Threat Prevention is No Longer Enough to Protect Your Business

October 11th, 2019

The world of cyber security is an asymmetric battleground. The attack surface is growing as a result of the growing number of connected devices, malicious apps, the Internet of Things, cloud services and the digitization of business functions.

Keeping the bad guys out is no longer an option. It’s time for organizations to turn to rapid detection and response.

By 2020, 60% of enterprise IT security budgets will be allocated to managed detection and response (MDR). That’s up from less than 30% in 2016, according to Gartner.

Companies are planning to spend more on MDR because attackers are getting in and the goal is to catch them before they can do much damage. The average dwell time, the days between when a compromise is detected and then mitigated, is around 200 days. And close to 70% of breaches are discovered by third parties.

The long tail impact of cyber breaches are many. Once inside a company’s network, hackers can gain persistence by installing backdoor and rootkits across several systems. From there, they can expand access across internal resources and eventually exfiltrate data.

Attack delivery tends to happen quickly in the cyber kill chain, which includes reconnaissance, weaponization, delivery, exploit, installation, command and action. Kudos to businesses whose security prevention tools catch such incursions in any of these stages and stop it cold.

But security experts agree that prevention alone isn’t enough to keep enterprises safe. NIST’s Cyber Security Framework identifies five categories of activities, of which prevention is only one.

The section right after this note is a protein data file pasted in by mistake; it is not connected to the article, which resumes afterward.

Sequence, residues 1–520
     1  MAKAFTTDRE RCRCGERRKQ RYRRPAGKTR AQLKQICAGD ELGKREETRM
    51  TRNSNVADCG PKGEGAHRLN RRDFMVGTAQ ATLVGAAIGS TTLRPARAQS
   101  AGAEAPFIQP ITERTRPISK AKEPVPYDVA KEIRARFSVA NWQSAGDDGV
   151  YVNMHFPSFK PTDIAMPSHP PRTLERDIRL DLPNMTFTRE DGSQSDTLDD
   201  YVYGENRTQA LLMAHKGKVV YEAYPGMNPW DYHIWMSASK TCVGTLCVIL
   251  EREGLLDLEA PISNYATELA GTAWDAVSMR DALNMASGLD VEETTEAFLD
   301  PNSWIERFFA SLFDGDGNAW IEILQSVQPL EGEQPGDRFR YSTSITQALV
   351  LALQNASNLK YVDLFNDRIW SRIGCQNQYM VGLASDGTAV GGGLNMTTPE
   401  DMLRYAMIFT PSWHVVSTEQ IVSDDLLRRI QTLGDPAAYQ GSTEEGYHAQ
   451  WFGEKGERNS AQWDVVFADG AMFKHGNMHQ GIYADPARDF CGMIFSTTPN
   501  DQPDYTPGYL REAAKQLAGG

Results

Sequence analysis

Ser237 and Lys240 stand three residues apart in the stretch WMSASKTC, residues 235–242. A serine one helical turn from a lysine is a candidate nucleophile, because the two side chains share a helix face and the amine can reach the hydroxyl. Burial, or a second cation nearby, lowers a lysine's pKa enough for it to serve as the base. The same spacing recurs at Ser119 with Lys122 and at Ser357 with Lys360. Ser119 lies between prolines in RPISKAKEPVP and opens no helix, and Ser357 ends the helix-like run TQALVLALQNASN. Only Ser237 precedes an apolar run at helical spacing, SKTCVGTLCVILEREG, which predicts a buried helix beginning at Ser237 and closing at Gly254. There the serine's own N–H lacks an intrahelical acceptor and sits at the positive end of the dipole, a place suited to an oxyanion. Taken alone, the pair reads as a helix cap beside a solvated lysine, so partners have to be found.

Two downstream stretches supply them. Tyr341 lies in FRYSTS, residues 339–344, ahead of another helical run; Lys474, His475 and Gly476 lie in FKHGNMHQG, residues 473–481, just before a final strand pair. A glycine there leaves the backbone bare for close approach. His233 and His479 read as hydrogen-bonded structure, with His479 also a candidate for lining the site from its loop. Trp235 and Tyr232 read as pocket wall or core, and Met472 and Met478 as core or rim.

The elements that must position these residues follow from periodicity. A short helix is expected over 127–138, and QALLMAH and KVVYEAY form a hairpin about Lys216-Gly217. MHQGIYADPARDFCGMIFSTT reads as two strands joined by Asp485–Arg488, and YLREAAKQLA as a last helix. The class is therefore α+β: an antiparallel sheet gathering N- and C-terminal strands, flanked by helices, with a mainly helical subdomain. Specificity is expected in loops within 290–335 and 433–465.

Businesses that take prevention efforts without corresponding detection can never be sure that the most critical issues have been addressed. A rebalancing exercise is needed. Detection and response capabilities will typically pay significant dividends in terms of identifying and neutralizing an active threat before it has a chance to do significant damage. And make no mistake – a determined attacker will eventually get into your network.

Organizations are increasingly focusing on detection and response because taking a preventive approach has not been successful in blocking malicious attacks, said Elizabeth Kim, Senior Research Analyst at Gartner. “We strongly advise businesses to balance their spending to include both.”

During the command and control phase of the kill chain, malware is installed and covert network channels are established to evade detection. The software roams the network looking for targets from which to exfiltrate data or to find even more targets. This period presents an opportunity for rapid detection and response to shut these activities down.

Hire the Experts

Staffing shortages take part of the blame for businesses not being able to detect and react to threats in a timely manner. Security spending will increasingly focus on services in the face of growing threats.

It’s especially challenging for mid-sized organizations to put the people, processes and technology in place for rapid detection.

Managed security providers have the ability to scale quickly and provide 24×7 monitoring. They also have the personnel expertise to analyze threat behaviors and advise IT departments on the most effective remediation efforts.

Masergy provides a unique combination of behavioral analytics, continuous monitoring and security expertise to help IT departments deal with the growing threat landscape. To learn more, read our e-book, Make Speed to Detection Your Top Security Priority.

David Venable

David Venable, Vice President of Cyber Security at Masergy Communications, has over 15 years experience in information security, with expertise in cryptography, network and application security, vulnerability assessments, penetration testing, and compliance. David is a former intelligence collector with the National Security Agency, with extensive experience in Computer Network Exploitation, Information Operations, and Digital Network Intelligence. He also served as adjunct faculty at the National Cryptologic School.